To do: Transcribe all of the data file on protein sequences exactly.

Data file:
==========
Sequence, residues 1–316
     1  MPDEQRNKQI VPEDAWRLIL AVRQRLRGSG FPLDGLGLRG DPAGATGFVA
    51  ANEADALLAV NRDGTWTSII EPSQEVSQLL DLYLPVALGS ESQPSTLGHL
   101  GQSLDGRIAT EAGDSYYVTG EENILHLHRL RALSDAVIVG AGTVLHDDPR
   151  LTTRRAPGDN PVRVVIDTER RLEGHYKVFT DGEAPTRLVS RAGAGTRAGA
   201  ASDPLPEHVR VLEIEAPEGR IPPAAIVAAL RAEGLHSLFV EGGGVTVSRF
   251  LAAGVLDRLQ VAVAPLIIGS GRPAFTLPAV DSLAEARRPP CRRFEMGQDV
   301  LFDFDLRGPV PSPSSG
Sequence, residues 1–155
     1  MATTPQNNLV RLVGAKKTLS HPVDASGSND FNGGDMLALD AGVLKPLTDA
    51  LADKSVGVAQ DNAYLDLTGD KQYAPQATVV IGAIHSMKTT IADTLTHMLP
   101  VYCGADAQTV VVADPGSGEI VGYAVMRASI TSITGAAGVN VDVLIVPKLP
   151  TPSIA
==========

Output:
Sequence, residues 1–316
     1  MPDEQRNKQI VPEDAWRLIL AVRQRLRGSG FPLDGLGLRG DPAGATGFVA
    51  ANEADALLAV NRDGTWTSII EPSQEVSQLL DLYLPVALGS ESQPSTLGHL
   101  GQSLDGRIAT EAGDSYYVTG EENILHLHRL RALSDAVIVG AGTVLHDDPR
   151  LTTRRAPGDN PVRVVIDTER RLEGHYKVFT DGEAPTRLVS RAGAGTRAGA
   201  ASDPLPEHVR VLEIEAPEGR IPPAAIVAAL RAEGLHSLFV EGGGVTVSRF
   251  LAAGVLDRLQ VAVAPLIIGS GRPAFTLPAV DSLAEARRPP CRRFEMGQDV
   301  LFDFDLRGPV PSPSSG
Sequence, residues 1–155
     1  MATTPQNNLV RLVGAKKTLS HPVDASGSND FNGGDMLALD AGVLKPLTDA
    51  LADKSVGVAQ DNAYLDLTGD KQYAPQATVV IGAIHSMKTT IADTLTHMLP
   101  VYCGADAQTV VVADPGSGEI VGYAVMRASI TSITGAAGVN VDVLIVPKLP
   151  TPSIA